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My compliments on your ability to pull off "pinking" a room that is already populated. You must have a flair for diplomacy or a good stand-up routine.

 

LOL... yeah... something like that.   I try to address potential feedback issues during setup and soundcheck and such.  With IEM's it becomes less of a risk on one hand, and real potential for a disaster if it does happen as you can get away with some really hot mics on stage now.   I only really get nervous with Drummers who move their mic maybe behind them, or above them when they aren't singing, and singers that head out into the audience.    

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All of this gave me an idea that I

 

1) have no idea if it can be done

2) don't know how many people would even use it or care

 

My scenario starts by sending pink noise out of the Helix (with the internal pink/white noise generator block?). I would then attach a reference mic to the mic input. That would then be routed to feed the frequency analyzer block that's in my Helix. I could then EQ for the room/cab/whatever directly from my Helix using the internal frequency analyzer displayed on the Helix display.

 

Does anyone know if this is even feasible or would it probably require to much, resource wise, to put it in the Helix?

AND

Does anyone even care? Would anyone other than me, want or use such a thing.

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All of this gave me an idea that I

 

1) have no idea if it can be done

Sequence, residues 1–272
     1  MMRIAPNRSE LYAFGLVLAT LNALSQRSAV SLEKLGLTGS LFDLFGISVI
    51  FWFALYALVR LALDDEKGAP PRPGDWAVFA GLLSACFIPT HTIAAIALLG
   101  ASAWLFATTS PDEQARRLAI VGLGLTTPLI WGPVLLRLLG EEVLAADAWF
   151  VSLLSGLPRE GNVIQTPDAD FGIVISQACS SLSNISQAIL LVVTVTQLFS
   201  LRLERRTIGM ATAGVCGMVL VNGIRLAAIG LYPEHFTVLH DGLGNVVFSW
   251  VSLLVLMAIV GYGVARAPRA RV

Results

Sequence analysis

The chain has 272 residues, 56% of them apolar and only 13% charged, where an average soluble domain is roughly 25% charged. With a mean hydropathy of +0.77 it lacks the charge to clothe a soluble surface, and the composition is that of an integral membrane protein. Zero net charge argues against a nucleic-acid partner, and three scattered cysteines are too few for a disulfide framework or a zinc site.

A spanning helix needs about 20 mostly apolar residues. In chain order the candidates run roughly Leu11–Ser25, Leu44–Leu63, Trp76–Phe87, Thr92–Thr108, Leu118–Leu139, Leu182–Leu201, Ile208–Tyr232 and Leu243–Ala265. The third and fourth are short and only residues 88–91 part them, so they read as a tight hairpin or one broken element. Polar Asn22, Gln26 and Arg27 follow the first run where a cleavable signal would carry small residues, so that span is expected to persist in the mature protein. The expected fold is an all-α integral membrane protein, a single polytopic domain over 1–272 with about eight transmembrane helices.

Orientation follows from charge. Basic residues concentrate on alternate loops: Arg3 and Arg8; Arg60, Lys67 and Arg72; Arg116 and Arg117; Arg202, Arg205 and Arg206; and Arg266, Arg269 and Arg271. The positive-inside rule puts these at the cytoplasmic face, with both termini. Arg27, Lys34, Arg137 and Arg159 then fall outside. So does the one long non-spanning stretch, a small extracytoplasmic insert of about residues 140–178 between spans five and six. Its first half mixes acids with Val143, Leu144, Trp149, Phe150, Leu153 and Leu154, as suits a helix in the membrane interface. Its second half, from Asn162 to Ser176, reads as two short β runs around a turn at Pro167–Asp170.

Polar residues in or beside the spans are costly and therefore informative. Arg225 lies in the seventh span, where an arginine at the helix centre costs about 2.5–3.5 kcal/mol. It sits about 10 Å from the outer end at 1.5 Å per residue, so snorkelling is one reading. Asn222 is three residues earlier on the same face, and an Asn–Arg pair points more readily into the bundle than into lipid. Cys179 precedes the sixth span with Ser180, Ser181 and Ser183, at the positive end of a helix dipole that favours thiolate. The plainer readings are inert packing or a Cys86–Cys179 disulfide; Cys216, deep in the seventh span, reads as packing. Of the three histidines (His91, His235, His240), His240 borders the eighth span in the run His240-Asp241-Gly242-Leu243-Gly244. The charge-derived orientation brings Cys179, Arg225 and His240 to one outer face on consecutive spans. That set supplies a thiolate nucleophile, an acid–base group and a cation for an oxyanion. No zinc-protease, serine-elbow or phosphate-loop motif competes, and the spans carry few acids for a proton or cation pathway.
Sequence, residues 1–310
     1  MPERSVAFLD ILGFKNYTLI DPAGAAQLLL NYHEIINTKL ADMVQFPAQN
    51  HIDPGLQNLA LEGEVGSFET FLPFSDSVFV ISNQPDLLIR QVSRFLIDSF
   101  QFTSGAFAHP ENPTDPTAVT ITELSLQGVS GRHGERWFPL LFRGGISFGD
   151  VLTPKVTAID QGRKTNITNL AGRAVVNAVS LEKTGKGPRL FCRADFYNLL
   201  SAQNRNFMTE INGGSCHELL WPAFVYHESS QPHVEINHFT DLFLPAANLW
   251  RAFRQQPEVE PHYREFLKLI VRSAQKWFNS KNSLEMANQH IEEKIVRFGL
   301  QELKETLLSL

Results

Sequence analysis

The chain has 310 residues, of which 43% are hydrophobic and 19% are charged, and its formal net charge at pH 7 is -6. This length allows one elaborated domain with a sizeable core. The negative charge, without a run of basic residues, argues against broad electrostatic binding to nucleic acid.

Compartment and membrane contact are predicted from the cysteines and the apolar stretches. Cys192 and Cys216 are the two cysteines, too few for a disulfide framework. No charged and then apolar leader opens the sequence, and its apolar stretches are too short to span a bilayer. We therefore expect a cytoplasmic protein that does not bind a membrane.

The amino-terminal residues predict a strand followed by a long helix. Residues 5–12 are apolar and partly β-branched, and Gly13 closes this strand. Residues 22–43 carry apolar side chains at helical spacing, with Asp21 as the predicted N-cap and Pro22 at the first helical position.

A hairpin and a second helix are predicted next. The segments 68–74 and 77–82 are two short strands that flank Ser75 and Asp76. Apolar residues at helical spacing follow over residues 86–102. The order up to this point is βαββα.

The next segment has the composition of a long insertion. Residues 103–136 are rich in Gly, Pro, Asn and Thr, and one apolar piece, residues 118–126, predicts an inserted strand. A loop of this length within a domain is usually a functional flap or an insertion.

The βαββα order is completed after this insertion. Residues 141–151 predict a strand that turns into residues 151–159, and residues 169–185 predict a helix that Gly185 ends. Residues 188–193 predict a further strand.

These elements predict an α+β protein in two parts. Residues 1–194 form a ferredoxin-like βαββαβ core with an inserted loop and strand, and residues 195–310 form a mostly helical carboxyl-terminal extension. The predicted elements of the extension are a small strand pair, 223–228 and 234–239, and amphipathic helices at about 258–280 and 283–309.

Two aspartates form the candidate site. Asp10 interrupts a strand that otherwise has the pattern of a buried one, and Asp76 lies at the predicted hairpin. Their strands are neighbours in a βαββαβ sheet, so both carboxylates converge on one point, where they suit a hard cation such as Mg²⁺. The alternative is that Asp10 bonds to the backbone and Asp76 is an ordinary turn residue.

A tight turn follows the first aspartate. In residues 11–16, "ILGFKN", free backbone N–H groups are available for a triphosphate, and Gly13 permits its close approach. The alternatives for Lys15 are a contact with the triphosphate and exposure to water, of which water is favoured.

2) don't know how many people would even use it or care

 

My scenario starts by sending pink noise out of the Helix (with the internal pink/white noise generator block?). I would then attach a reference mic to the mic input. That would then be routed to feed the frequency analyzer block that's in my Helix. I could then EQ for the room/cab/whatever directly from my Helix using the internal frequency analyzer displayed on the Helix display.

 

Does anyone know if this is even feasible or would it probably require to much, resource wise, to put it in the Helix?

AND

Does anyone even care? Would anyone other than me, want or use such a thing.

 

I think this is a great idea and I also have considered being able to do this exact thing, but not just with pink noise. Although "pinking" might be particularly useful for singer/songwriters and guitarists to some extent, especially those who are using the Helix as their PA or mic processor, it could also be useful and a huge boon for general use for automated adjustment of the EQ of the guitar in a preset. I can think of a lot of cool ways you could leverage a capability like this due to the fact that the Helix has a mic input. You could add a feature that allowed the user to select a target EQ curve or even a target  "speaker model" (e.g. Celestion Greenback) and have the Helix automatically adjust itself to that target using the sound from your specific monitor and the room you are in to fine tune your tone.

This would be the ultimate in new "intelligent" customized tones that are "aware" of the monitoring equipment and even the room unique to each user. Moving the mic around in the room could even deliver very specific tones for example, the sound of a Greenback being optimally setup for an audience member 20 feet in front center of the stage.

I think some of these ideas have been batted around on the forum before. There may be too few people who actively want this such that it might fall towards the bottom of Line6's list of priorities but that doesn't mean it wouldn't be great to have and provide a leap forward in ease of use and accuracy of modeling. How soon this happens probably depends to some extent on how much processing power is required for automated tweaking of a preset and if there is enough return on investment to dedicate the required hardware and/or development resources to doing this. I hope something like this comes around at some point in the future. I suspect it will.